The Meaning of Fika in Sweden Spoiler: it's actually something quite nice

By Abi King | Europe

Nov 26

what is fika

What is Fika, Anyway?

Fika. So said the letters, so said my host. It was not yet four in the afternoon and I began to brace myself.

The word fika, I decided, had all the hallmarks of a potent local spirit, the sort that could stand in for paint stripper on an identity parade and would give you a headache as soon as look at you.

My second best guess was that fika involved some kind of furniture shop with utensils made from see-though lime green plastic.

Happily, both guesses were wrong.

Fika, as it turns out, is something of a social institution in Sweden.

sweet love fika

Pronounced fee-ka, the best explanation I’ve heard so far is that fika is a kind of “afternoon tea” half-remembered with a touch of romantic indulgence from England in the 1950s.

Apparently fika can be both a noun (let’s have some fika) and a verb (let’s fika now…) but like those other delicious letters in the Swedish alphabet (an ö, an å and an ä for example) I’m still getting to grips with the whole thing.

Fika often involves tea or coffee, with a cinnamon flavoured cake thrown in to melt away the cold outside.

Here at the Saltsjobad Hotel in Ystad, our fika involved custard-based Princess Cake and a cup of hot Sweet Love.

Not a bad introduction to a country.

Tack så mycket Sverige – Jag ser fram emot att få veta mer. Thank you very much, Sweden. I look forward to finding out more. (According to Google translate at least…)

Have you ever tried fika?

Disclosure: I’m travelling to Skäne as a guest of Visit Sweden. All views, words and fika tastings are all my own. As usual…

Fika Saltsjobad Hotel & Ystad

Follow along on #visitSkane on twitter

Roy Marvelous November 26, 2011

So it’s like high-tea? Mmm cake.

    Abi King December 11, 2011

    Kind of…Except I think you can “fika” in the morning as well…

Bird November 26, 2011

I shouldn’t have read this post. I have been craving cake all day, which in hot and sticky Jakarta where I am isn’t easily satisfied though the fried bananas in coconut milk do help…

I will definitely get my Fika on the next time I’m in Sweden.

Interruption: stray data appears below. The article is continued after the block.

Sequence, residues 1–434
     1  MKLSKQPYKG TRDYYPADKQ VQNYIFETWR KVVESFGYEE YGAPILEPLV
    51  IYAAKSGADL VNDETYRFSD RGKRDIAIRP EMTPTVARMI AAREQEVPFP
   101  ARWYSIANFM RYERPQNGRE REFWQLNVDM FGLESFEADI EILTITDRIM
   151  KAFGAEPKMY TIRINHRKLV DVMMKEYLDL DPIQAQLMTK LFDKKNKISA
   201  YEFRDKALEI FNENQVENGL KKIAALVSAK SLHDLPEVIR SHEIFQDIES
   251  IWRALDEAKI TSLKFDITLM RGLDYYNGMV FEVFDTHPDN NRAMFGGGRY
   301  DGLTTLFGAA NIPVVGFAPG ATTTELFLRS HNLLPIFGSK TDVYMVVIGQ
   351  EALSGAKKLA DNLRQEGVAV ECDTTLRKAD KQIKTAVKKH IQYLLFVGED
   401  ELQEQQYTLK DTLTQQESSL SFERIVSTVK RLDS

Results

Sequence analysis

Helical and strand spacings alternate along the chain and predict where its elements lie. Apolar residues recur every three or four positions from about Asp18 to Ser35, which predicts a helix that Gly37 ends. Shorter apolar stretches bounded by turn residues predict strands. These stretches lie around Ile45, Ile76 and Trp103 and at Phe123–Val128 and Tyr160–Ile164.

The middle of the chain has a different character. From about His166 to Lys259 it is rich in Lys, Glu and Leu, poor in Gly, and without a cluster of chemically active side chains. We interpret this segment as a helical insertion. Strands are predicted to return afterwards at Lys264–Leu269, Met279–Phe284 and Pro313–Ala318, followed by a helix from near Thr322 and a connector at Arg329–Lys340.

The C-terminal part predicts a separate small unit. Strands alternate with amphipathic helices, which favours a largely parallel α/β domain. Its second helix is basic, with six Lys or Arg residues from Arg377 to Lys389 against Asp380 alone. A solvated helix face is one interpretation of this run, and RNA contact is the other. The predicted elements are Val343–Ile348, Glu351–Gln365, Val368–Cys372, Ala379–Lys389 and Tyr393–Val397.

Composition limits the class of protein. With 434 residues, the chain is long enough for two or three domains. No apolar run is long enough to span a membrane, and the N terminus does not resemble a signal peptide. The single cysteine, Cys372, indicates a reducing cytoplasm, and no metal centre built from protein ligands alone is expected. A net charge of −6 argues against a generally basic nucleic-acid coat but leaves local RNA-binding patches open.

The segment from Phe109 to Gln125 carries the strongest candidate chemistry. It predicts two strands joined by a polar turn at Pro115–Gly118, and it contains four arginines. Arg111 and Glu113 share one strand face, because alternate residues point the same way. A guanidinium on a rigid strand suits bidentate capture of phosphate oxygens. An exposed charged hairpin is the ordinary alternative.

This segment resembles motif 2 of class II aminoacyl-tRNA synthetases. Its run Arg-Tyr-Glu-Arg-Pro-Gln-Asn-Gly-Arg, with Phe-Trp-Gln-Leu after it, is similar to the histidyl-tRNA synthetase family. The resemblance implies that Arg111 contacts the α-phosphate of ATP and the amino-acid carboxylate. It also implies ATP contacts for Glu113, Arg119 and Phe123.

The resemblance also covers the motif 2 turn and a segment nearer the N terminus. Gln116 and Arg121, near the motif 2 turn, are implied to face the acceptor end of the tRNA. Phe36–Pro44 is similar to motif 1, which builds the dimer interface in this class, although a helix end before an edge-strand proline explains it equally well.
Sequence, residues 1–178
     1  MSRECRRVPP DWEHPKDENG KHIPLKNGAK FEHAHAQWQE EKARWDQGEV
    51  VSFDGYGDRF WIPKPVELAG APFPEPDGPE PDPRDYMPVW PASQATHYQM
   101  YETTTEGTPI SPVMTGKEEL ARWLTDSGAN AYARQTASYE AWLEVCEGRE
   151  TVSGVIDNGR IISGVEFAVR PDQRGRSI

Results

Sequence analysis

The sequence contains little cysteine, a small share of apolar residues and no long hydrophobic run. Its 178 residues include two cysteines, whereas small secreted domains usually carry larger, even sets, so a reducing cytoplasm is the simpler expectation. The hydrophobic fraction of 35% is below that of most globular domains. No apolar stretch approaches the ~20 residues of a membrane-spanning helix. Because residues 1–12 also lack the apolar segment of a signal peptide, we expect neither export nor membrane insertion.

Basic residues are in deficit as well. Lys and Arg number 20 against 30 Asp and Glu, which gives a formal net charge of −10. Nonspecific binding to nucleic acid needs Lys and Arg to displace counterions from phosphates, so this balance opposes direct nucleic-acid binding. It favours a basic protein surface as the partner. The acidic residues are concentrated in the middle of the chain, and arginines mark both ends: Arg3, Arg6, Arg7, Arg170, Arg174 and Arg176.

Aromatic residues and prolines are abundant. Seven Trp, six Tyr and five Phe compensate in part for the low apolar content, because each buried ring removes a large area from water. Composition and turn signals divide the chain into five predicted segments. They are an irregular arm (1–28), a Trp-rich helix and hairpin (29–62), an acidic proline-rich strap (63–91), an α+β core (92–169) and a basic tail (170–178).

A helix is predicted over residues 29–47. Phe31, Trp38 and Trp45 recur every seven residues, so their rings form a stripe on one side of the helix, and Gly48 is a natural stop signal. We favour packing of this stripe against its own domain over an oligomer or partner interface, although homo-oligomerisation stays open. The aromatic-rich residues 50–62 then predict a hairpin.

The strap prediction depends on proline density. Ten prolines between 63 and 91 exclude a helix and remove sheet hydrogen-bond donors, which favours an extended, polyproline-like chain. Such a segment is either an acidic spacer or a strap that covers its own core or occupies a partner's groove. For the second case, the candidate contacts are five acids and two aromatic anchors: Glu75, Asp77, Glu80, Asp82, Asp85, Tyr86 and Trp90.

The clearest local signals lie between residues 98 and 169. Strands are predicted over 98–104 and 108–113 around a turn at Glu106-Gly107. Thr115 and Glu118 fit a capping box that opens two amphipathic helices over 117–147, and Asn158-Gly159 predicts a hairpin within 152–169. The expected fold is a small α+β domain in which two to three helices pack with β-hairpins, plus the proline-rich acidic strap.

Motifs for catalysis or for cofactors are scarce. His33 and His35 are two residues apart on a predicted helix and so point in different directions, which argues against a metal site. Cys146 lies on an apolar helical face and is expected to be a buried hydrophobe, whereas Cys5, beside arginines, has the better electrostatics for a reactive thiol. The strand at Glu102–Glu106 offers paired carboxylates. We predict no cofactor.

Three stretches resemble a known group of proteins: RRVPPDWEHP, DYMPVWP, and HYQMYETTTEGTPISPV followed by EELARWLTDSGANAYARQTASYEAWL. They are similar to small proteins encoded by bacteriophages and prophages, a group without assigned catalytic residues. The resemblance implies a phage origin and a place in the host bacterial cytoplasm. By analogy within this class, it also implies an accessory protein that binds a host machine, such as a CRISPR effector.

Bird x

    Abi King December 11, 2011

    Fried bananas in coconut milk do indeed sound very good ;)

Tobias November 26, 2011

Fika is the best there is. Best moment of the work day for me.

With the christmas fika coming up, I’m prepared to gain a few pounds just from all the goodies they put on the table for the “fika paus” at work…

    Abi King December 11, 2011

    Me too. Never say no to fika!

Eurotrip Tips November 26, 2011

I had no idea Sweden had a somewhat equivalent to afternoon tea. Looks yummy :-)

    Abi King December 11, 2011

    Tasted it too ;)

Camels & Chocolate November 27, 2011

Have you been to Denmark? We used to live there, and they have a concept called “hygge” that is not so much a tangible thing as a sort of sense of togetherness. Every time I hear about fika, I think of hygge as I imagine hygge is the warm, fuzzy feeling you get while having fika =)

    Abi King December 11, 2011

    I had a brief stay in Copenhagen last year and thought of hygge while having fika. Perhaps because it’s so cold, people have found a way to be warm and cosy and turned it into an institution? (For anyone who’s interested, here’s the hygge post: )

Never heard of this before, but I would definitely enjoy as many fikas while you can!

Kirsten Alana November 27, 2011

My Swedish mother introduced us to this when I was a child! Now, when I need a fix, I travel to the closest IKEA or Swedish cultural center in American to pick up Princess Cake and Swedish tea. It doesn’t happen that often but I do enjoy it every time.